The first author E mentions as a presumed contrast to Shakespeare is Marlowe, so I assume E accepts Marlowe's authorship of the plays and poems we know as his. Let's take a look at the evidence. There are no manuscripts of Marlowe's plays, no letters written by him or to him, in fact no examples of his handwriting at all except a signature as witness to a will in Canterbury in 1585, when he was 21 years old, spelled "Christofer Marley." Not once during his lifetime was he ever referred to as a playwright or poet; surviving references spell his name every way from "Marly" to "Marlin," but almost never "Marlowe." The name "Christopher Marlowe," in any of its spellings, was never associated with any play or poem or literary work during the man's lifetime. There is no evidence to connect him with any acting company, or with the theater in any way. The only play now generally attributed to Marlowe which was printed during his lifetime was Tamburlaine, but it was printed anonymously in 1590, and was not attributed to Marlowe until 1671 (no, that's not a typo), 78 years after the man's death. In 1594, the year after "Marley" (as he himself spelled it) was murdered under shady circumstances, quartos of two plays --- Dido Queen of Carthage and Edward II --- were published with the names "Christopher Marlowe" and "Chri. Marlow" (respectively) on their title pages; this was the first time the name had appeared in any literary context, but (at least by Oxfordian standards) there is nothing to connect it with the recently-murdered shoemaker's son from Canterbury. Out of E of O's list of things that "suggest a literary life," only one applies to Marlowe: we have a record of his education, since he (supposedly) went to Cambridge. But if I wanted to play the Oxfordian game, I could easily challege the evidence for that: most of the Cambridge records which are supposed to be to the shoemaker's son spell the name "Marlin," and there was another student there at the same time named Christopher Marley, so those references could be to him; also, what was "Marley" doing in Canterbury to sign that will in 1585, when he was supposedly at Cambridge? Anyone who accepts that Christopher Marlowe wrote plays but refuses to accept that William Shakespeare wrote plays is applying a double standard of the most monumental proportions.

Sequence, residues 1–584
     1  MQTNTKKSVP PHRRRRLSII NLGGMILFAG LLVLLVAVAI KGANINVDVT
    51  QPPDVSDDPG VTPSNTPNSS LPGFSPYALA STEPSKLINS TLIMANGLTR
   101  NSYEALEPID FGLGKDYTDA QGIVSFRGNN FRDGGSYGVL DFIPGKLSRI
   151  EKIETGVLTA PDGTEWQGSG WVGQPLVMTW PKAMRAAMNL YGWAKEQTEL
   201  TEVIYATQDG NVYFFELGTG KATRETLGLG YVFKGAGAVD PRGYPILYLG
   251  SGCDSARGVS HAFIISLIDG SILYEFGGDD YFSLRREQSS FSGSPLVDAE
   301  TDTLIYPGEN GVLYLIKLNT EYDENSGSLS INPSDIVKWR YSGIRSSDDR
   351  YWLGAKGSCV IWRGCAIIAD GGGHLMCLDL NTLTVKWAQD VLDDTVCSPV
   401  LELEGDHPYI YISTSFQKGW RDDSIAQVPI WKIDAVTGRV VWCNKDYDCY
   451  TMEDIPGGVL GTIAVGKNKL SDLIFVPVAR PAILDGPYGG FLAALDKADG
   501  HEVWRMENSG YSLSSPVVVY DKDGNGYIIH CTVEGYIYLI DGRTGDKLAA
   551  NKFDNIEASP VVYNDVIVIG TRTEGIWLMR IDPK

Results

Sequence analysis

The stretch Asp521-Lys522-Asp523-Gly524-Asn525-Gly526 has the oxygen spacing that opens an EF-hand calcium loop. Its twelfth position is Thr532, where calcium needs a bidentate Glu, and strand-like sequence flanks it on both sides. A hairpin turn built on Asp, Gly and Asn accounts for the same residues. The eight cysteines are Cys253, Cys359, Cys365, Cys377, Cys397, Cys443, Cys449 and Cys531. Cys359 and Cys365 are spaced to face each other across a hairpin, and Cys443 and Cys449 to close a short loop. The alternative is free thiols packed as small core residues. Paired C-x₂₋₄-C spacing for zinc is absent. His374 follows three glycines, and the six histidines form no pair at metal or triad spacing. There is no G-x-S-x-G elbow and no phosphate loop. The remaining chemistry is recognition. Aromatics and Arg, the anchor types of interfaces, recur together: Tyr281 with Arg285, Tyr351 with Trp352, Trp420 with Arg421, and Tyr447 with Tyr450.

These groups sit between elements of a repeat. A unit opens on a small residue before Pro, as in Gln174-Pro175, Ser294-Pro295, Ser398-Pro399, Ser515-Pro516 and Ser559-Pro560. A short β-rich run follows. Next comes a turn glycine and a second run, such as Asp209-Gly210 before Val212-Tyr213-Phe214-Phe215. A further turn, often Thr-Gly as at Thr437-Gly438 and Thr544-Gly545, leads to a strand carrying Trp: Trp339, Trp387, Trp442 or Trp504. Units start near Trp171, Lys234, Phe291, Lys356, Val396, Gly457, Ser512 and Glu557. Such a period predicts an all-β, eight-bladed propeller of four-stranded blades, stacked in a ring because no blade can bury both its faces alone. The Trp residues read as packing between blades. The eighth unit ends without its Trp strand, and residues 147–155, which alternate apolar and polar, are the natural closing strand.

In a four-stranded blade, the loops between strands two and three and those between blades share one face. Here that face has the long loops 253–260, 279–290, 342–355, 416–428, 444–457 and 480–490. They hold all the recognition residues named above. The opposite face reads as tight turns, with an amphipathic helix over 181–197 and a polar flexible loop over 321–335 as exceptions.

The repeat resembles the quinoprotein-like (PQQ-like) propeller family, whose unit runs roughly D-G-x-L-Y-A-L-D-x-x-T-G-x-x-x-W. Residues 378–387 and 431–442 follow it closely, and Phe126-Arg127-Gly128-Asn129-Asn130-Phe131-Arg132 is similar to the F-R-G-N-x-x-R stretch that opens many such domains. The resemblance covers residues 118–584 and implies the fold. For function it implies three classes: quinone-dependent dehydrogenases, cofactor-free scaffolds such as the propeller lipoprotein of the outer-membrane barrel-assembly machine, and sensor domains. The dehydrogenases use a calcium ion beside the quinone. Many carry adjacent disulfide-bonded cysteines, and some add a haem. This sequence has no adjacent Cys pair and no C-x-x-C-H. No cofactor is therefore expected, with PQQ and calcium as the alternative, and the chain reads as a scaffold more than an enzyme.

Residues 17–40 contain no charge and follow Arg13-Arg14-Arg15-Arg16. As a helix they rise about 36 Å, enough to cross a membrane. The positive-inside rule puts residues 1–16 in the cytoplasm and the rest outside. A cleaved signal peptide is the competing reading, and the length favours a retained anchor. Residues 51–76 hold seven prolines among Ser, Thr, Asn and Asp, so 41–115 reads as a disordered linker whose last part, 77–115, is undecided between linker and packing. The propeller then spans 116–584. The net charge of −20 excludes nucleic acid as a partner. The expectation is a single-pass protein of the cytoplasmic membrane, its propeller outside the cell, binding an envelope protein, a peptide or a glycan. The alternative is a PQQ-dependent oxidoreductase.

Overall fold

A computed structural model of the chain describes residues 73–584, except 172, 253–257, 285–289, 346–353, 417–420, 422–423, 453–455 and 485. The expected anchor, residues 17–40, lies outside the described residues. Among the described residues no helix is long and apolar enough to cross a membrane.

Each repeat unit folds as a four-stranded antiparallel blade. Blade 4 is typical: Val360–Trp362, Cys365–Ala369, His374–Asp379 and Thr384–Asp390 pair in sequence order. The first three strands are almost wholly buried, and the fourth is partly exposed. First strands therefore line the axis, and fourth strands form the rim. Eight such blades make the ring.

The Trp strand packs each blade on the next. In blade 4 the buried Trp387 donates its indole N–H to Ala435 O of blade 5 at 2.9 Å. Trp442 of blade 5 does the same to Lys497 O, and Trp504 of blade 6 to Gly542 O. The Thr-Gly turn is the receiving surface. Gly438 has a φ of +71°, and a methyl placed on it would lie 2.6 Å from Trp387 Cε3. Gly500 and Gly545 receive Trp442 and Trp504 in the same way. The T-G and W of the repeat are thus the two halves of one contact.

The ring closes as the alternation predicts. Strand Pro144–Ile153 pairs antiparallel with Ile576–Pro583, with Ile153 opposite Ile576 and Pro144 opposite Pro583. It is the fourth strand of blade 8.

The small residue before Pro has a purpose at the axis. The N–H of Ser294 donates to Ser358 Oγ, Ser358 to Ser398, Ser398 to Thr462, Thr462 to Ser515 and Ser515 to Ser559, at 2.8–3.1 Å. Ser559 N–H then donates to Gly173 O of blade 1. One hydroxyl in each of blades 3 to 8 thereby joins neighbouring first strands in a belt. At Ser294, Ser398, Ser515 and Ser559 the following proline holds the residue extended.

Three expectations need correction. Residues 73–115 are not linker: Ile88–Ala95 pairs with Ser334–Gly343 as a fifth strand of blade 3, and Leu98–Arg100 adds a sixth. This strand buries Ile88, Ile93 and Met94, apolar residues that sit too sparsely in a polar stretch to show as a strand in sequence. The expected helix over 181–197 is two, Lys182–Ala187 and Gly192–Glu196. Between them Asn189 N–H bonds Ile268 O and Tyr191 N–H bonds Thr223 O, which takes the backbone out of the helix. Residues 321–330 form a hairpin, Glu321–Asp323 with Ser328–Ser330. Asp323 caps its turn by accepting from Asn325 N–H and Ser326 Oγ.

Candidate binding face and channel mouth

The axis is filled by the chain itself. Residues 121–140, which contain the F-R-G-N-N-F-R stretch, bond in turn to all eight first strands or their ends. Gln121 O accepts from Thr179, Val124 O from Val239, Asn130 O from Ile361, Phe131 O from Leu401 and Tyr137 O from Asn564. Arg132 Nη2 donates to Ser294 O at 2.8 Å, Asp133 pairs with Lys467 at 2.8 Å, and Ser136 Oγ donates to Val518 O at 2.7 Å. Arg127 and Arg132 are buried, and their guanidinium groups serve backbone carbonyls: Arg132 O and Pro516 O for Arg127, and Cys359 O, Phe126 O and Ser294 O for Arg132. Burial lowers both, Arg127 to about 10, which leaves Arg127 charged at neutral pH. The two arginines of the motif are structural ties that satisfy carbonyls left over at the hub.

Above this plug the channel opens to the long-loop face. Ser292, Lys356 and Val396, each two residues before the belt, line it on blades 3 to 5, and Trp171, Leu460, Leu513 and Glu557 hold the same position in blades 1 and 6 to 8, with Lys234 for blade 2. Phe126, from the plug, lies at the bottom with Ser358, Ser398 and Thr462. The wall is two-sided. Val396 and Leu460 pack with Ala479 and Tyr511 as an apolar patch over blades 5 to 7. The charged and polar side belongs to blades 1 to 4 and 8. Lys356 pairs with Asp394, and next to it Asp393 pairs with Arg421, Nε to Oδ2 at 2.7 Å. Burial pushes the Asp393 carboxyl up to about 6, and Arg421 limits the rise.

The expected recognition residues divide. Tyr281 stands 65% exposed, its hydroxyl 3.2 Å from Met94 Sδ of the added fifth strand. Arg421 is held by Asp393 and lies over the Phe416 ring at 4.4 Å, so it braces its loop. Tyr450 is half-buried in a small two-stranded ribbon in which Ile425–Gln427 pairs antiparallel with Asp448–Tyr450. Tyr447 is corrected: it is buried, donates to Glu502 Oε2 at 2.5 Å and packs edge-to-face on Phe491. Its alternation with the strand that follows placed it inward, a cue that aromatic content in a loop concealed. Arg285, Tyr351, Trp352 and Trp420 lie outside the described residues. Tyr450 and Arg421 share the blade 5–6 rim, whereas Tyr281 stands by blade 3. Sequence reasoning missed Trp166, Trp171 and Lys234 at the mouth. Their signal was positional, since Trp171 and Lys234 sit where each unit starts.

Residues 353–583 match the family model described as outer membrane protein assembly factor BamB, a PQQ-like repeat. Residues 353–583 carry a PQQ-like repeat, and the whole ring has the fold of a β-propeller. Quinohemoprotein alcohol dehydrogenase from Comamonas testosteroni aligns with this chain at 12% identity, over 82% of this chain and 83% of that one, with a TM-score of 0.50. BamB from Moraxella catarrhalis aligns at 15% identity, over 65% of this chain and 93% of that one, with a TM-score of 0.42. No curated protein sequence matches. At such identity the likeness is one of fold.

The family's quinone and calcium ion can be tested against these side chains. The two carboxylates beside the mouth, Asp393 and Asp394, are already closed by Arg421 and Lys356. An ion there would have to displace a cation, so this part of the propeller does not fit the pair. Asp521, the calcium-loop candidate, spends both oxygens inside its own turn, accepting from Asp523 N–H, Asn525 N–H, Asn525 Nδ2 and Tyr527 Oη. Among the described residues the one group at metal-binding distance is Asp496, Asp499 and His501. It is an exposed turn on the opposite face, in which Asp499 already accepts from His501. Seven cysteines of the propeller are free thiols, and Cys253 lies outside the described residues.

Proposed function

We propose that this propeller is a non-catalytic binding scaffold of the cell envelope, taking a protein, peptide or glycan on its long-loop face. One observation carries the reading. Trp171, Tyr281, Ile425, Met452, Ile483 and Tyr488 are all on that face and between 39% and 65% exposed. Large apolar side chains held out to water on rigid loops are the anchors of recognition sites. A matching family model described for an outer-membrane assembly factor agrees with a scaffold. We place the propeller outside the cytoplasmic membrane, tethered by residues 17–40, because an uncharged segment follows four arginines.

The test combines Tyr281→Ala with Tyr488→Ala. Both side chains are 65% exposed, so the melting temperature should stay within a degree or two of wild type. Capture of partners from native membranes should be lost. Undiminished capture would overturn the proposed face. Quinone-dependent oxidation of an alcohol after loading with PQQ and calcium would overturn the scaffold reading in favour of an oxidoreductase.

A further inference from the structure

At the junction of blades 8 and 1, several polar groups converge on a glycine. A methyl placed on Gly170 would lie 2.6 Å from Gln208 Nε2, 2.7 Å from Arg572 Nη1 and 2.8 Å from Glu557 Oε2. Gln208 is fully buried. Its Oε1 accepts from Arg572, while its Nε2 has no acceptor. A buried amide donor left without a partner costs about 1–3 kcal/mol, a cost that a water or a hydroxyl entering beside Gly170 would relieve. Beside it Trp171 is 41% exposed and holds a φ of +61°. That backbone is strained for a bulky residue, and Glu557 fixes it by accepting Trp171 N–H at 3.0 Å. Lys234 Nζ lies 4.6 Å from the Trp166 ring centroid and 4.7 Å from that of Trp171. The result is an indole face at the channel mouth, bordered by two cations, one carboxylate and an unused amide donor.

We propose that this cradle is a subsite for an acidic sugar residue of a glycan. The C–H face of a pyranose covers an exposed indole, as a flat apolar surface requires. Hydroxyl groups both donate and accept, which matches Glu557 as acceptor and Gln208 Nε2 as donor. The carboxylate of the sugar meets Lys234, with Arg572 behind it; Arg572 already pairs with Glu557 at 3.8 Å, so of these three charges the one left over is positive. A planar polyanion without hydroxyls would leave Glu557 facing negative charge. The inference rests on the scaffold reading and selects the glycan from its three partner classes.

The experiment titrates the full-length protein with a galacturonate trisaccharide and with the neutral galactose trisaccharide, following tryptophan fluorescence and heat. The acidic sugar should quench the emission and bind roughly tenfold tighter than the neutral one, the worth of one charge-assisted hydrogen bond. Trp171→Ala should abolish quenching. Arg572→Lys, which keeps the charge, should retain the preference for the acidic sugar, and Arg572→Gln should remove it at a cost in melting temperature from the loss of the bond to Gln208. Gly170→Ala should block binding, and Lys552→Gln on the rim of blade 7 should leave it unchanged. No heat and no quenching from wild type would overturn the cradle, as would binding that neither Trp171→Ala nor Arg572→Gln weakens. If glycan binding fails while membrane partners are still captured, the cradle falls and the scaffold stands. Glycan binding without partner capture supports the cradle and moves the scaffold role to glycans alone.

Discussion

Marlowe is probably the most extreme case, but I could go on at length about other contemporary playwrights. E of O is upset that there is no record of Shakespeare's education (though the circumstantial evidence for his attendance at Stratford Grammar School is very strong), but the list of other Elizabethan poets and playwrights for whom there is also no educational record is a distinguished one: Ben Jonson (considered the greatest classical scholar in England), Michael Drayton (one of England's most popular poets, mentioned by Francis Meres in Palladis Tamia more times than Shakespeare), George Chapman (translator of Homer, also a great classical scholar), John Webster, Thomas Dekker, and many others. There are others, such as John Fletcher and Thomas Heywood, for whom the evidence of schooling does not meet Oxfordian standards of proof, so we can add them too, if we're going to play by Oxfordian rules.